Growth of Clostridium perfringens in sous vide cooked ground beef with added grape seed extract Meat Sci. (IF 3.126) Pub Date : 2018-05-22 Serap Cosansu, Vijay K. Juneja
The growth of Clostridium perfringens from spore inocula was studied in sous vide cooked ground beef with added 0 to 3% grape seed extract (GSE). C. perfringens did not grow at 4 °C with or without GSE present. Lag time (LT) was 95 h in control samples at 15 °C, whereas 1–3% GSE addition significantly (p < .05) extended LT to 244 h or longer. Generation time (GT) in 3% GSE added beef was similar to that of control (19 h, 3% GSE versus 18 h, control) at 15 °C. At 20 °C, GT was 1.5 h in samples without GSE; however, 1–3% GSE addition extended GT about 2–3 folds (p < .05). Lag time at 20 °C was 23 h in control samples, while LT was 40–59 h in samples containing GSE. Interestingly, GSE did not affect LT at 25 °C; however, significantly (p < .05) longer GT was observed in 3% GSE added samples than the other sample groups. Additionally, GSE from 1 to 3% in beef extended the period needed to reach 6 log cfu/g at 15 or 20 °C, while 3% GSE was required at 25 °C. The findings suggest that GSE exhibits concentration and temperature dependent inhibitory effect on growth of C. perfringens in sous vide cooked ground beef. Grape seed extract can be used to extend the shelf-life and ensure the microbiological safety of sous vide cooked meat products.
Predictability of lean product, bone, and fat trim in beef carcasses from Costa Rica Meat Sci. (IF 3.126) Pub Date : 2018-05-21 Nelson Huerta-Leidenz, Oscar Atencio-Valladares, Julio Rodriguez, Nancy Jerez-Timaure, Gerardo Vargas, Argenis Rodas-González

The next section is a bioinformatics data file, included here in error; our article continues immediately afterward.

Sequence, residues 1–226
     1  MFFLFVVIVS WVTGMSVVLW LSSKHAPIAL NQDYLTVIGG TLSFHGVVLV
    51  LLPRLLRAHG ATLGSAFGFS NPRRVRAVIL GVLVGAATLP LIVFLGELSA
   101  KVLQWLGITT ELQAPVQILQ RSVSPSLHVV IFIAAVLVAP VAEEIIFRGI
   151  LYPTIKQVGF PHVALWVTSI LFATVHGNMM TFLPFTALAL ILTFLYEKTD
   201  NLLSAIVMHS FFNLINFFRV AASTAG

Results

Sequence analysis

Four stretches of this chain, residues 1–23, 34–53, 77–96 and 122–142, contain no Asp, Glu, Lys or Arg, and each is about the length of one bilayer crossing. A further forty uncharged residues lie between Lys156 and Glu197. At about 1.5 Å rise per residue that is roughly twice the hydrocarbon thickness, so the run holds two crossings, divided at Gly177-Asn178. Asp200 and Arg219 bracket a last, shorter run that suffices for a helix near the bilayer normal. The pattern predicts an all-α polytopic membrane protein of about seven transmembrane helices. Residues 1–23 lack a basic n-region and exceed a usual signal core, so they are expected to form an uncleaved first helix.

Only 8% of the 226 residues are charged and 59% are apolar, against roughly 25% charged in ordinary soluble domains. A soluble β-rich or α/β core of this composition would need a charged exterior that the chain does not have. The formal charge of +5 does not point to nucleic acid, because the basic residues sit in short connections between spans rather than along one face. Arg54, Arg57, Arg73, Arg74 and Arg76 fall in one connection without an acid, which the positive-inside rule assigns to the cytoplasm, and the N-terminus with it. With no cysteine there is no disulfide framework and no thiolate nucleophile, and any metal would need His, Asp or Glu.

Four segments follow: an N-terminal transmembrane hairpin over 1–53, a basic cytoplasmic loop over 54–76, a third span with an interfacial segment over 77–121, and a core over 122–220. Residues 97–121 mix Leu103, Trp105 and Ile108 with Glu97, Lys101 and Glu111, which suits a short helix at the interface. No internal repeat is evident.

Data from 292 hot fat trimmed carcasses derived from Costa Rican cattle were used to predict yield of fabricated boneless, closely-trimmed, high-valued cuts (BVS, by weight and percentage); yield of total saleable product (TSP, by weight and percentage); and percentage yields of bone and trim fat. Backfat thickness was not significantly associated with weight of BVS or TSP. Carcass weight explained 93.7% and 95.9% of the total variation in weight of BVS and TSP, respectively. Equations for predicting percentage yields of BVS and TSP showed little predictive efficacy. Conversely, the greater precision of the equations selected to predict the quantity (kg) of BVS or TSP, offers a practical alternative of using them in hot fat trimmed carcasses.
A high rigor temperature, not sarcomere length, determines light scattering properties and muscle colour in beef M. sternomandibularis meat and muscle fibres Meat Sci. (IF 3.126) Pub Date : 2018-05-18 J. Hughes, F. Clarke, P. Purslow, R. Warner
Beef meat colour is impacted by both myoglobin status and the light scattering properties of the muscle, and the specific causative scattering elements of the latter are still unknown. We hypothesize that stretching muscles during rigor will generate a structure which favours light scattering, by increasing the length of the I-band (longer sarcomeres) and that a high rigor temperature will cause protein reconfiguration, changing the muscle structure and promoting light scattering. Muscle fibre fragments were isolated from four beef M. sternomandibularis and subjected to stretching (plus, minus) and three incubation temperatures (5, 15, 35 °C). Reflectance confocal laser scanning microscopy (rCLSM) revealed sarcomere stretching alone was not solely responsible for light scattering development. A high rigor temperature (35 °C) was more favourable for light scattering. Stretching and taking muscle into rigor at 35 °C promoted transverse shrinkage of muscle fibres and increased light scattering and could be applied post-mortem (PM) to reduce the occurrence of problematic dark meat.